At a news conference in Washington, D.C., in July, Secretary of State Antony J. Blinken announced that the U.S. has proposed trading an imprisoned Russian arms dealer, Viktor Bout, in exchange for the release of Griner and Paul Whelan, another U.S. detainee in Russia. Per Blinken, the “substantial proposal” was backed by Biden and put forward in June, and the U.S. and Russia have “communicated repeatedly and directly” about it since. The Russian Foreign Ministry confirmed the negotiations for the first time last week, with a spokesperson saying negotiations are “being conducted by competent authorities.” “I’m hopeful,” Biden said, following Russia’s public comments. “We’re working hard.”
In August, a Russian court found Griner guilty of attempting to smuggle illegal narcotics into the country, sentencing her to nine years in a penal colony and issuing a fine of roughly $16,300, according to Griner’s lawyers. Although the verdict was widely anticipated — per the Times, Russian courts tend to issue harsher sentences to high-profile foreigners and defendants are rarely acquitted — it arrived after both Griner and her team had appealed for leniency. “I made an honest mistake,” Griner told the judge in her testimony before the sentencing, adding, “I hope that in your ruling that it doesn’t end my life here.” Griner’s freedom is now contingent on diplomatic negotiations between the U.S. and Russia, namely a potential prisoner swap. Her legal team called the guilty verdict “absolutely unreasonable,” and filed an appeal, arguing that the Russian court committed “serious procedural violations” during Griner’s arrest, investigation, and detention. While a date for the appeal has been set, per the Times, it could still take months to adjudicate. Griner’s lawyers have said they will withdraw the appeal if it interferes with ongoing prisoner-swap negotiations.
In a joint statement, the WNBA and NBA commissioners called Griner’s guilty verdict “unjustified and unfortunate, but not unexpected,” stressing their mutual commitment to her safe return and their hopes that the end of the trial means “we are near the end of this process of finally bringing BG home to the United States.” Biden also released a statement, calling Griner’s verdict “unacceptable” and calling on Russia “to release her immediately so she can be with her wife, loved ones, friends, and teammates.”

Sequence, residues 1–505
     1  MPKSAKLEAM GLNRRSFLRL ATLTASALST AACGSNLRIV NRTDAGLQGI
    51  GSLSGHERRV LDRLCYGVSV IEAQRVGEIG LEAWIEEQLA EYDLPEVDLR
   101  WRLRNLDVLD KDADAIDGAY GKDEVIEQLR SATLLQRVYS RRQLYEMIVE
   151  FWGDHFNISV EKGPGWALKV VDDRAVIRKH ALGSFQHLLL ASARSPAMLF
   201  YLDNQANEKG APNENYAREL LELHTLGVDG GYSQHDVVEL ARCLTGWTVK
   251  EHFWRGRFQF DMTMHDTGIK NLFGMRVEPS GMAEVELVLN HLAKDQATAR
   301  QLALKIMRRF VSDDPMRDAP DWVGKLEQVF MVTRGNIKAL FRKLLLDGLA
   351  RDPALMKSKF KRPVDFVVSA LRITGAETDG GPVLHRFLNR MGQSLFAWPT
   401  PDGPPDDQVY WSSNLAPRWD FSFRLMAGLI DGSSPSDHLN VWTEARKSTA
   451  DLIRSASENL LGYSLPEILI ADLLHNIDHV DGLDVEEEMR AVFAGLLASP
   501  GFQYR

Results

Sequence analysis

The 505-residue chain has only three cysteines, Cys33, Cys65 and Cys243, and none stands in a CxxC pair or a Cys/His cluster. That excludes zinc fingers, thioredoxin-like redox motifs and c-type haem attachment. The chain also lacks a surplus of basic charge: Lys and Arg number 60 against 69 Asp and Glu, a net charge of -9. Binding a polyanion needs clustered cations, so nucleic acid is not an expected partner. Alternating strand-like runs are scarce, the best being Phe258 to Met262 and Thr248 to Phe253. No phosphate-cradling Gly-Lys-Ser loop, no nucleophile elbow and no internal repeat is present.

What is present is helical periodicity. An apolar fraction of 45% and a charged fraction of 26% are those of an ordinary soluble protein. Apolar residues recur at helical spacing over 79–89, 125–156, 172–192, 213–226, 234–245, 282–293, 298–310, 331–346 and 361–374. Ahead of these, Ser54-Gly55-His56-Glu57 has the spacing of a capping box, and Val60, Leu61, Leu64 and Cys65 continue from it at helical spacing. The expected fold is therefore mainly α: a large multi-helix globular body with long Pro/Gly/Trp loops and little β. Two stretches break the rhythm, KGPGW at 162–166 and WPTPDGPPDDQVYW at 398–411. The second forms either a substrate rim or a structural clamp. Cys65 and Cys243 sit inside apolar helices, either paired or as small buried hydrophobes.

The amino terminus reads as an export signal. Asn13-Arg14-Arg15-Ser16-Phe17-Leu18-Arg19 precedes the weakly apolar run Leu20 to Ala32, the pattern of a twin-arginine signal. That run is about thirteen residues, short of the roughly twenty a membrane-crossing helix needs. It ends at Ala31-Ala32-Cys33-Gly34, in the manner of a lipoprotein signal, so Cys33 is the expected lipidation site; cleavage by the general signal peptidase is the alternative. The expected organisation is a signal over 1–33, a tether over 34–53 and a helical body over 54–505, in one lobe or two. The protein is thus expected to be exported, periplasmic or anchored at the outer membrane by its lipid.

A week after Griner’s appeal was announced, former NBA star Dennis Rodman told NBC News that he would be making the trip to Russia to “help that girl,” presumably speaking about Griner. “I got permission to go to Russia to help that girl,” he said, adding, “I’m trying to go this week. It’s unclear whether he actually received any formal approval by the government (which is still trying to negotiate for her release) for his trip, though he wouldn’t technically need official permission to visit Russia. Besides, it wouldn’t be the first time Rodman has seemingly taken international relations in his own hands. He famously formed a relationship with North Korea’s Kim Jong Un, and has reportedly called Putin “cool.”
After months of requests, Biden finally met with Cherelle Griner in September, though negotiations for Brittney’s freedom — and that of Paul Whelan, whose family the president is also scheduled to meet — appear to be at an impasse. “While I would love to say that the purpose of this meeting is to inform the families that the Russians have accepted our offer and we are bringing their loved ones home, that is not what we’re seeing in these negotiations at this time,” White House press secretary Karine Jean-Pierre said during a press conference on September 15. “The president wanted to make sure that their families understood that they were front of mind and that his team was working tirelessly to get Brittney and Paul home safely.” Following Griner’s guilty conviction, her lawyers told People that she was “stressed and very much concerned with her future.” After meeting with Biden, Cherelle Griner said in a statement that she was honored to speak with the president about “the Brittney we know and love.” She expressed her pain over her wife’s detention: “I’ve felt every minute of the grueling seven months without her,” said Cherelle. “I look forward to the day my wife is back home.”
This post has been updated.
https://www.thecut.com/2022/10/russia-arrests-wnba-star-brittney-griner-on-drug-charges.html WNBA Star Brittney Griner Detained in Russia: What to Know